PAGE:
The Diocese of Rochester’s Public Policy Committee has designated affordable housing as its top advocacy issue for 2005, according to Jack Balinsky, diocesan director of Catholic Charities.
The committee also plans to promote education on two other issues: the bioethics of research on embryonic and adult stem cells; and awareness of and solidarity with Africa, noted Balinsky, Jann K. Armantrout, diocesan life-issues coordinator, and Ruth Putnam, Works of Love coordinator.
The three Catholic Charities officials discussed the committee’s agenda during a roundtable interview at the diocesan Pastoral Center in late October. A summary of their discussion follows:
* Affordable housing: In the coming months, the diocese will provide parishes and faith communities with a variety of informational materials about affordable-housing issues, Balinsky said. The materials may be used in preparation for Diocesan Public Policy Sunday Feb. 5-6, an annual event that highlights one issue selected by the Public Policy Committee.
In addition to providing parishes with materials, Balinsky noted the diocese has tentatively slated a Jan. 10 video conference on the topic for parish leaders.
Balinsky and Armantrout said affordable housing was chosen this year because it’s an issue that relates to how Catholic Charities clients deal with such other issues as poverty and/or recovery from substance abuse. Armantrout noted she had recently discussed the topic of affordable housing with heads of various departments at Rochester’s Catholic Family Center.
“Every department said that finding housing where people can live with dignity is a challenge,” she noted.
One-quarter of the households in the Diocese of Rochester are facing some sort of housing difficulty, Balinsky said, noting that such challenges include inadequate plumbing or kitchen facilities as well as rents that consume more than half of the household’s income.
According to materials provided by Catholic Charities, diocesan Catholics have long been involved in housing issues.
Bishop Sheen Ecumenical Housing Foundation Inc., a joint effort of the Catholic and Episcopal dioceses of Rochester, provides services and advocacy for low-income people in the Rochester Diocese and Allegheny County. Providence Housing Development Corp., an affiliate of the Rochester Diocese, has helped more than 1,000 men, women and children in a dozen counties obtain safe, affordable, lead-free housing. It has also supported refurbishing of decaying landmark buildings into modern housing; provided rent subsidies to homeless people; and offered credit counseling to hundreds of families. In addition, many Catholic parishioners have participated in Habitat for Humanity projects.
* Stem cells: If there’s one message Armantrout wants to get out, it’s that the Catholic Church does support research on stem cells — adult stem cells, that is. These cells are found in the umbilical-cord blood of babies and in the bodies of adults, and hold potential for the treatment of such ailments as Parkinson’s disease and cancer, she noted.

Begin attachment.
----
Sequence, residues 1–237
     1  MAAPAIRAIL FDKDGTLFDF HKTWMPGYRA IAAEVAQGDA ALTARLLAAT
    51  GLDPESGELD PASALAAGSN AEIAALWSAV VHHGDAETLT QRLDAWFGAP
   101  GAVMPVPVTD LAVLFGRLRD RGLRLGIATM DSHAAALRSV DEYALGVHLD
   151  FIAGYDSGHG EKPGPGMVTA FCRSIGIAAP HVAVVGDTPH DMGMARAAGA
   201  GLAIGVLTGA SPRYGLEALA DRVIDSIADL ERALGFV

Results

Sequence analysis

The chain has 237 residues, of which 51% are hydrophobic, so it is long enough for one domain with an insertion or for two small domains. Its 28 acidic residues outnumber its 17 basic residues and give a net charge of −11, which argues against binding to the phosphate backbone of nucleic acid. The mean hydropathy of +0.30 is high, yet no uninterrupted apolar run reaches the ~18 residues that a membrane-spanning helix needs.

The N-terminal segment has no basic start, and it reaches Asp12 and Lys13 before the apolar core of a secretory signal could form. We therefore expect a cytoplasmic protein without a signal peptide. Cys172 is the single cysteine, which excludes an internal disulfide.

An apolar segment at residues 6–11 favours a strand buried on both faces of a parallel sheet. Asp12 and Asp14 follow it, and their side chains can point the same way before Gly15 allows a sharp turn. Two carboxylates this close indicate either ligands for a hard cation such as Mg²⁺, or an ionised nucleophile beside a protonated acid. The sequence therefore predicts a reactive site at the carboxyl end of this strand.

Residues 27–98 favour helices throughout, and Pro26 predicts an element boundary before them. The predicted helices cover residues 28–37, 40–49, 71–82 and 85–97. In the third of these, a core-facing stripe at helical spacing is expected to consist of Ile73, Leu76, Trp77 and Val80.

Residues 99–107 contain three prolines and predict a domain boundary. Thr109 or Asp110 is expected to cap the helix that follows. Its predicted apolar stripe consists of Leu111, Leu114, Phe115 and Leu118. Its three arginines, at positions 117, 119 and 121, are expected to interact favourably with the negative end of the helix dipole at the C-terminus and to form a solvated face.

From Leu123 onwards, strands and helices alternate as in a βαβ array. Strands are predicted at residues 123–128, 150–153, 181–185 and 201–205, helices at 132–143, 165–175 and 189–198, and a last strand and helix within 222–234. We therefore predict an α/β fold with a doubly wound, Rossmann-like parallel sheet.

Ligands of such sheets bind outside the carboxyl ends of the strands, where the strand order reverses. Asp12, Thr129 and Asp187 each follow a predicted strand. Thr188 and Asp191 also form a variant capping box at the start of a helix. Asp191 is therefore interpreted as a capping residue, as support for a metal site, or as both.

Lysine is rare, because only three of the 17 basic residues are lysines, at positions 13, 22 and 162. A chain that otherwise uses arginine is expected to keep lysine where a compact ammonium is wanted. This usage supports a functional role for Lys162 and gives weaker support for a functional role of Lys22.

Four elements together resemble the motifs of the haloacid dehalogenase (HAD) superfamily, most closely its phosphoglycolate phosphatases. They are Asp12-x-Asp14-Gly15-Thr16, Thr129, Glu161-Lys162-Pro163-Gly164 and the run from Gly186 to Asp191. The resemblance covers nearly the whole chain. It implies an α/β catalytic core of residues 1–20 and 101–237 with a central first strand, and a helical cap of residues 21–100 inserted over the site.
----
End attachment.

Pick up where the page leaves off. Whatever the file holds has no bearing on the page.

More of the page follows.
The church’s opposition is focused on the use of stem cells harvested from aborted babies and cloned embryos, she noted, because such cells are taken from beings the church considers fully human and worthy of legislative protection.
Advocates of using embryonic stem cells have confused the public on the issue, Armantrout said, by failing to distinguish between embryonic and adult stem cells, and by attacking pro-life advocates opposed to using unborn children for stem-cell harvests.
“If you had a 10th-grade biology education, you can get this,” she said, noting that the church, in arguing against harvesting stem cells from embryos, is simply reiterating its position that all human life begins at conception.
Armantrout noted that the state Assembly passed legislation in June that would allow human cloning for the purpose of conducting medical experimentation. The bill — A.6249-A — legalizes the creation of human clones as well as the destruction of human embryos for research. A similar bill, S.7524, is pending in the state Senate.
Armantrout urged diocesan Catholics to contact their legislators to express opposition to these bills. She also urged Catholics to register with the Catholic Advocacy Network by visiting www.nyscatholicconference.org and clicking on “Join the Network” so that they can stay updated on issues of concern. She added that she is available to speak to parishes and groups about stem cells, and can be contacted at 585/328-3210, ext. 1304.
* Africa: Putnam noted that the diocese is beginning a two-year effort to heighten awareness of and solidarity with Africa.
Diocesan officials have already held a meeting with African priests serving in the diocese to learn more about their home continent, she said, and are looking at possibly holding an event to celebrate African culture. The diocese wants Catholics to realize that there is more to Africa than the wars and other ills that plague it, which always seem to dominate news coming out of the continent, she said.
“Africa is not a single culture,” she said. “Africa is a rich blend of several different cultures.”
She added that some diocesan parishes have sister parishes in Africa, and that the Rochester Diocese is also home to many Africans or people with experience on the continent.
Putnam noted that parishes and groups wishing to learn more about Africa may request materials provided by Catholic Relief Services, the U.S. bishops’ overseas relief and development agency. CRS has a video titled “Africa Rising” as well as a kit to help parishes. For more information, contact Judy Taylor at 585/328-3210, ext. 1303.